Baartman was likely forced into prostitution and died in 1815 at the age of 26 of an unknown ailment, possibly smallpox, though some sources suggest syphilis. Georges Cuvier obtained her body, conduceted an extensive dissection and had a mold made of the corpse which was exhibited at the Musée de l’Homme in Paris until 1974. "Demands from the Khoïkhoï (racistly called 'Hottentot' by the Afrikaners), supported by the post-Apartheid South African government, will be met by the French government in order to send back Baartman’s remains to be buried on her native land" (Collins). Her body was returned to South Africa and interred in 2018.
Sarah Baartman's body in Paris, unknown date.











"For nineteenth-century positivists, photography doubly fulfilled the Enlightenment dream of a universal language: the universal mimetic language of the camera yielded up a much higher, cerebral truth, a truth that could be uttered in the universal abstract language of mathematics. For this promised more than a wealth of detail; it promised to reduce nature to its geometrical essence. Presumably then, the archive could provide a standard physiognomic guage of the criminal, could assign each criminal body a relative and quantitative position within a larger ensemble." - Allan Sekula in "The Body and the Archive"

20th Century California Inmantes











Violent Criminals Composite
Criminal Profile, 1914
Francis Galton, Violent Criminals Compositie, 1885.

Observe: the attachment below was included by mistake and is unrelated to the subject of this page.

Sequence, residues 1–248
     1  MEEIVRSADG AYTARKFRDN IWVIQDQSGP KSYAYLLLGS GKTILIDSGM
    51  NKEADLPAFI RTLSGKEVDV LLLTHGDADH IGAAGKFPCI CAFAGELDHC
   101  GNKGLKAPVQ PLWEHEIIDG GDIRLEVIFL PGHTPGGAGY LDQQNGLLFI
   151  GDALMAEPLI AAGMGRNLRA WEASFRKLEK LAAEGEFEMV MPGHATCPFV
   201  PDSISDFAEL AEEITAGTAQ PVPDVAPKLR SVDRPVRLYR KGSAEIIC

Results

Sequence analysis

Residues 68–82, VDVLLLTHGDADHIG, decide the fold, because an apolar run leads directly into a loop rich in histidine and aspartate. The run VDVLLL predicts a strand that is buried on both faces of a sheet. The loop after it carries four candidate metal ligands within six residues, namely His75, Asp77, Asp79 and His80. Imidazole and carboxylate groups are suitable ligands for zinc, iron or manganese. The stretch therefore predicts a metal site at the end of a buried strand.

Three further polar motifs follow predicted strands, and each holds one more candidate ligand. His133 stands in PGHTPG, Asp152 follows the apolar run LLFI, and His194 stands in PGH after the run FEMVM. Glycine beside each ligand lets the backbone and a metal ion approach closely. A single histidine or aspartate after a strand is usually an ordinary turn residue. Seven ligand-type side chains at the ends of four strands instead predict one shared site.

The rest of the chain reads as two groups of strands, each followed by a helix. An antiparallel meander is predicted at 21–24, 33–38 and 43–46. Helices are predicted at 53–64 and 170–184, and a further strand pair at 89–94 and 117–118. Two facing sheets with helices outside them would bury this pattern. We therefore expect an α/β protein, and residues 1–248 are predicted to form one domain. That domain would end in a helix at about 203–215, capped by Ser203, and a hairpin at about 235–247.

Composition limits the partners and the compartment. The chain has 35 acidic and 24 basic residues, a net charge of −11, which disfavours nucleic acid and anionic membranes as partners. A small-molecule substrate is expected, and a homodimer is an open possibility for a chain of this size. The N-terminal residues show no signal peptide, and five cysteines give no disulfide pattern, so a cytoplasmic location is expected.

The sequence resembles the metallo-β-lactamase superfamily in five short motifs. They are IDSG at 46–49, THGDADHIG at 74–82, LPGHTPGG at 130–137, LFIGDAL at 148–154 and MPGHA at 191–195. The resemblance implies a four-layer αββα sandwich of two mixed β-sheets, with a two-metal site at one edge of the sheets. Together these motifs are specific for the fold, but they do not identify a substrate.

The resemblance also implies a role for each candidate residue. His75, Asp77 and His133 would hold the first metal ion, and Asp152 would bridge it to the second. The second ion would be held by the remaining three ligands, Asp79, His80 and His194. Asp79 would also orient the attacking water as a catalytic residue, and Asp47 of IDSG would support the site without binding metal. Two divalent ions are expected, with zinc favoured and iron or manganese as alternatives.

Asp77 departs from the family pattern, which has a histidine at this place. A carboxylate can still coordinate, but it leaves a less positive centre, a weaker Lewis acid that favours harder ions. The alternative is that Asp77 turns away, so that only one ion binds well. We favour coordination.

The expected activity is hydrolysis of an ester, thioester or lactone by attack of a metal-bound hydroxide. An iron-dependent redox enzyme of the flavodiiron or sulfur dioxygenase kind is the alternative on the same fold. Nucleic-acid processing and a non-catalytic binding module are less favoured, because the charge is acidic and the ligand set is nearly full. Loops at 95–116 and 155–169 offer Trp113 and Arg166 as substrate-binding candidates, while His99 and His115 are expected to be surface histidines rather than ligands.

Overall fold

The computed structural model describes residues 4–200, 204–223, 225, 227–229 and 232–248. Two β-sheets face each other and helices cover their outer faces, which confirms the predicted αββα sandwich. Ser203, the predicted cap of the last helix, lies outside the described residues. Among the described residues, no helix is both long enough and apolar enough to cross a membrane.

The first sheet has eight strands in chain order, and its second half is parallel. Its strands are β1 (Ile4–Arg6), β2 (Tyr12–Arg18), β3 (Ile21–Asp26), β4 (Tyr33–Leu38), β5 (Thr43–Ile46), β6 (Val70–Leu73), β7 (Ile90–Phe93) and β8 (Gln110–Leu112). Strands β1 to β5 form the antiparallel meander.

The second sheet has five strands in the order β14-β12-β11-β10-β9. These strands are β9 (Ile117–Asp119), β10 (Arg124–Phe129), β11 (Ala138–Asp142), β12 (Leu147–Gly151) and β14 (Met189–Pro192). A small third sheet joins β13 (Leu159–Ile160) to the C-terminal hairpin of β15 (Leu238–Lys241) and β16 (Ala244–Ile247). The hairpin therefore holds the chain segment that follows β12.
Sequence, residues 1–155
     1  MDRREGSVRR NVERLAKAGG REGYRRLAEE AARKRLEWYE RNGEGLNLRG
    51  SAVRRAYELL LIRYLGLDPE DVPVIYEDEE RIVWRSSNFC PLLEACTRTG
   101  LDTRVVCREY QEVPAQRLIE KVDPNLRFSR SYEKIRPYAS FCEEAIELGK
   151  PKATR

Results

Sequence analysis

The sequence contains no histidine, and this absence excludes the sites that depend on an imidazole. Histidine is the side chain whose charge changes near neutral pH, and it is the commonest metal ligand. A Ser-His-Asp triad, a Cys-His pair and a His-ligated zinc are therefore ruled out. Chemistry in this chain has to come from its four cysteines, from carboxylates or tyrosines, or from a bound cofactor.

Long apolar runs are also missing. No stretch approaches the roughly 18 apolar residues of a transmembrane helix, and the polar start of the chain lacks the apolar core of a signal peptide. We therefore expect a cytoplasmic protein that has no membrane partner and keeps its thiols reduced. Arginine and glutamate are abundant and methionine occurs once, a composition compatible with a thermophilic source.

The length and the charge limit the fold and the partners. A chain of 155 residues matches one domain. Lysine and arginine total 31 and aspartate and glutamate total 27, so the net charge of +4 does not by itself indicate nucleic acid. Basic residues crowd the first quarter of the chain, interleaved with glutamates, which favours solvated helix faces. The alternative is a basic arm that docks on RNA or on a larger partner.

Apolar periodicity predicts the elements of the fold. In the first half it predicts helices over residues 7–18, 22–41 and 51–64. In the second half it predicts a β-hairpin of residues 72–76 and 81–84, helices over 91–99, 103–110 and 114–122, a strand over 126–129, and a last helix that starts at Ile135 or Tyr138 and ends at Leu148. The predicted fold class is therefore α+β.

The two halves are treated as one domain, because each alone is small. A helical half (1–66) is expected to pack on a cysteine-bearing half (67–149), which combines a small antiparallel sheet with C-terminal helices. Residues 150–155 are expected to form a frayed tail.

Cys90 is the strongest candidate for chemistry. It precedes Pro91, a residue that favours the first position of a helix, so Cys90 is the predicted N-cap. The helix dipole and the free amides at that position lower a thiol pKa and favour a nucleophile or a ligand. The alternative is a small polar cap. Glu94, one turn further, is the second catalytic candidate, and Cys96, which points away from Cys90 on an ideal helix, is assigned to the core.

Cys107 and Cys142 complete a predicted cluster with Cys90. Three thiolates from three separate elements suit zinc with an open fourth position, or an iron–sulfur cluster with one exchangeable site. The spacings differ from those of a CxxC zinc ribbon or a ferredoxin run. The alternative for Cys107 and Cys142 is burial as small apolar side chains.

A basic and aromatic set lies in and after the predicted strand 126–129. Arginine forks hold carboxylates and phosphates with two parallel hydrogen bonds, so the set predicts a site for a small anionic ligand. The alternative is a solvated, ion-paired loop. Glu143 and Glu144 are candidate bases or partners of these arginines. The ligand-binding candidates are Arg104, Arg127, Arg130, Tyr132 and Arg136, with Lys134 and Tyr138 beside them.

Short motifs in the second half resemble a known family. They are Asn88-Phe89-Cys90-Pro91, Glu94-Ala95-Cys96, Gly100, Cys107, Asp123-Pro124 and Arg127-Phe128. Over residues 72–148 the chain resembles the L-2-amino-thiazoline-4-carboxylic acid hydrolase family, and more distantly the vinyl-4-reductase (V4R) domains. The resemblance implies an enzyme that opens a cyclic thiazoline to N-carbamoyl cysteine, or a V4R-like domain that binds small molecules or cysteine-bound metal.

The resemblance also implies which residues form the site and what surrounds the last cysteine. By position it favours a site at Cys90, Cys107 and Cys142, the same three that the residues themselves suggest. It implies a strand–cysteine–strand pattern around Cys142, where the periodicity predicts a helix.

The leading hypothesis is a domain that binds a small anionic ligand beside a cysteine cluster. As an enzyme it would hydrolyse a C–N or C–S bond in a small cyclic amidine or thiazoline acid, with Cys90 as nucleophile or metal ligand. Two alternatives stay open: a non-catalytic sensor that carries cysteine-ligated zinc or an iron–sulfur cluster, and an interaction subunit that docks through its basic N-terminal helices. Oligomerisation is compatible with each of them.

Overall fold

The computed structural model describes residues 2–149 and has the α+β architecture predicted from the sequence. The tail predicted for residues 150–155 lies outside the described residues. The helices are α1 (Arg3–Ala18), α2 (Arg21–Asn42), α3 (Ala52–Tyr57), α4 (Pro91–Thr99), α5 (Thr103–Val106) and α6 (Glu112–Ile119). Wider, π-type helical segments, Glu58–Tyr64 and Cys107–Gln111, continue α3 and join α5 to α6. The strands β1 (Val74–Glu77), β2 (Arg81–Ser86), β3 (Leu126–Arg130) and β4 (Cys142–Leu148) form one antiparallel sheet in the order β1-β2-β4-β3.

Henry Pickering Bowditch, Twelve Boston Physicians and Their Composite Portrait,  c. 1894.
Henry Pickering Bowditch, Saxon Soldiers, 1894.
Displayed during the First International Eugenics Congress













The Jewish Type

Francis Galton, The Jewish Type, 1883.










Like Ingres's Grande Odalisque in Europe, Hiram Powers's The Greek Slave evokes Chardin's universally recognized Georgian beauties and Blumenbach's "beautiful skull," specifically "demonstrat[ing] Orientalist whiteness in its material, the white Italian marble so critical to notions of Greek beauty." Powers' sculpture would tour the U.S. and become the most popular sculpture in nineteenth-century America (Painter, 27).
Hiram Powers, The Greek Slave, 1846.











According to Paul Gilroy, long before ‘‘scientific racism gained its intellectual grip,’’ Hegel ‘‘denied blacks the ability to appreciate the necessary mystery involved in the creation of truly symbolic art’’ (Collins, 8).
Nadar, Maria, 1856 - 1859.












Nona Faustine, From Her Body Sprang Their Greatest Wealth, 2016. Wall Street, New York.

Nona Faustine, Over My Dead Body, 2013. Tweed Courthouse, New York.











Nona Faustine, They Tagged the Land with Trophies and Institutions from Their Rapes and Conquests, 2013

Nona Faustine, Isabelle Leferts House, 2016











Josephine Baker, Banana Dance, 1920s











"These people—black visual artists—make things and make visions. Their job, their goal is to re-envision vision. What have they ever done to deserve our contempt? I think we need to begin to understand how regimes of visu- ality enforce racism, how they literally hold it in place." (Collins, 1919).

Beyonce, All the Single Ladies, 2008
Nicki Minaj, Anaconda, 2014